In these times of ever-evolving communication methods, it can be hard to know exactly what constitutes bad manners. We’ve just about settled on the fact that exposed table legs are now acceptable, while wiping your nose on the vicar’s curtains still isn’t, but everything in between remains a hazy mess of subjective squeamishness.
I’ve been thinking about modern manners recently, fuelled by several events. The first was the arrival of a press release about the Birmingham Food Fest, at which Michelin-starred chef Richard Turner had reportedly banned mobile phones at dinner tables. “When dining out at a restaurant, four in ten adults would think nothing of using a smartphone, making calls, texting and checking emails,” it sniffed from my inbox, before going on to complain that some people don’t even use their cutlery correctly. Ye gads! What WOULD Escoffier say?
Hot on the heels of this whinge was the release of Sherry Turkle’s book Alone Together: Why We Expect More from Technology and Less from Each Other, which prompted a slew of articles about how gadgets are making us lonelier people with terrible social skills and overdeveloped thumb muscles. And while I hugely admire the lady for having a name that sounds like a 70s dessert, I have to disagree.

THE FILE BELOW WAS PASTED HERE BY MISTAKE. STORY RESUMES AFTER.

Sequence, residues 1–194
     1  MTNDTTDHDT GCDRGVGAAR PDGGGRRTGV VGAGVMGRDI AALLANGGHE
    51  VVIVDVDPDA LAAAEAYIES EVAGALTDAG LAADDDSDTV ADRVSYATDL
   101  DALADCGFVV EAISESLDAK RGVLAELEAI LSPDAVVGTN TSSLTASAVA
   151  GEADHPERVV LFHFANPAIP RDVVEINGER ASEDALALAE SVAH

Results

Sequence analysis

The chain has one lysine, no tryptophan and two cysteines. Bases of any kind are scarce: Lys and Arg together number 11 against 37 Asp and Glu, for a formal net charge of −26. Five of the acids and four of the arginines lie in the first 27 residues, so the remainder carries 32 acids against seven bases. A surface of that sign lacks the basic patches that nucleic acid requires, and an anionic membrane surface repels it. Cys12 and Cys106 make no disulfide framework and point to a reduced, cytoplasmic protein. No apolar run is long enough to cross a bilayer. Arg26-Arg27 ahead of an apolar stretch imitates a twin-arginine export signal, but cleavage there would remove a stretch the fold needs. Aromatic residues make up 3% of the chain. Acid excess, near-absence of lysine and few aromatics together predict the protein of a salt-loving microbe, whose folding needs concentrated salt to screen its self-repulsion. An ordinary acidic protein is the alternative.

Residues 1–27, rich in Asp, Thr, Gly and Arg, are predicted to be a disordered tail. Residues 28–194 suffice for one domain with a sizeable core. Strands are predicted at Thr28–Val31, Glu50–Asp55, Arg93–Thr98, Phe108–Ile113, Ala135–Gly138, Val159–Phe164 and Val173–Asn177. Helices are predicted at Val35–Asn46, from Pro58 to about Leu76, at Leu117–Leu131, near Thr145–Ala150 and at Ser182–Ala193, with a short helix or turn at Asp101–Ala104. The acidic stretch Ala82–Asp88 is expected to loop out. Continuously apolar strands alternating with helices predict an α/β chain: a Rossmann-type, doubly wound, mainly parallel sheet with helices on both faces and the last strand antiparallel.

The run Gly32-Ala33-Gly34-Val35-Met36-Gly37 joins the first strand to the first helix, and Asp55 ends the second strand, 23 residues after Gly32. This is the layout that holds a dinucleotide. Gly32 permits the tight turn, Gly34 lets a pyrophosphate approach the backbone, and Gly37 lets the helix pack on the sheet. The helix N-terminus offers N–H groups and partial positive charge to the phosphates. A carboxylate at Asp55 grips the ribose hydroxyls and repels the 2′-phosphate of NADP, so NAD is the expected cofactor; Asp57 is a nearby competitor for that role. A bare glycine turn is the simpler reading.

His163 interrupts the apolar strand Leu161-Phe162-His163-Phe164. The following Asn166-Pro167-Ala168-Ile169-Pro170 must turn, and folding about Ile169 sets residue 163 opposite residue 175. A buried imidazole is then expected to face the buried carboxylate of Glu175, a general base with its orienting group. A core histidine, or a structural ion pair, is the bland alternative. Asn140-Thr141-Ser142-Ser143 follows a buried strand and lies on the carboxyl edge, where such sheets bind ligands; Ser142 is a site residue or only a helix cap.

The thing that the techno-killjoys always seem to neatly overlook is that while we’re supposedly being antisocial by treating our smartphones like extra limbs, what we’re actually doing is being MORE social, by means of those smartphones. If I temporarily absent myself from some tedious dinner chat in order to take a photo of my meal, tweet it, upload it to Pinterest, blog about its relative merits and take part in a hashtag game called #dinnerfilms, am I not in fact widening my social horizons rather than stunting them?
Likewise, (and I have had this exact conversation with my father), despairing because you’ve got no phone signal for an afternoon doesn’t necessarily mean you’re a lonely, addicted web cretin – you just want to reply to that tweet, and text that friend and organise that dinner date within a reasonable timeframe. Which is GOOD manners, surely?
What articles like these are really objecting to, of course, is rudeness. This I can get on board with. I hate rudeness. But rudeness is a different thing to breaking flimsy, unspoken rules that nobody has agreed on in the first place. As with so many things in life – rice pudding, disco dancing, wearing corduroy – it’s not what you do but the way that you do it. A rude person will always be a rude person, whether they’re touting an Android tablet or an abacus (to add up their rounded-down contribution to the bill).
Assuming the role of Emily Post-Millennium for a second, I’d propose that a polite, “I’m sorry, would you mind if I quickly reply to this text?” is more than sufficient cover for a quick bit of at-table phone action. Asking yourself, ‘is this status update really necessary during a dinner/meeting/funeral?’ should be enough to establish whether you’re just really connected, or really a bit of a tool. No. Technology came to make us friends, not lose them. And I put it to you that if the Victorians didn’t spend mealtimes secretly texting under the table, that’s only because it hadn’t been invented yet.
The third thing that happened, by the way, is that I got my first iPhone. Can you tell?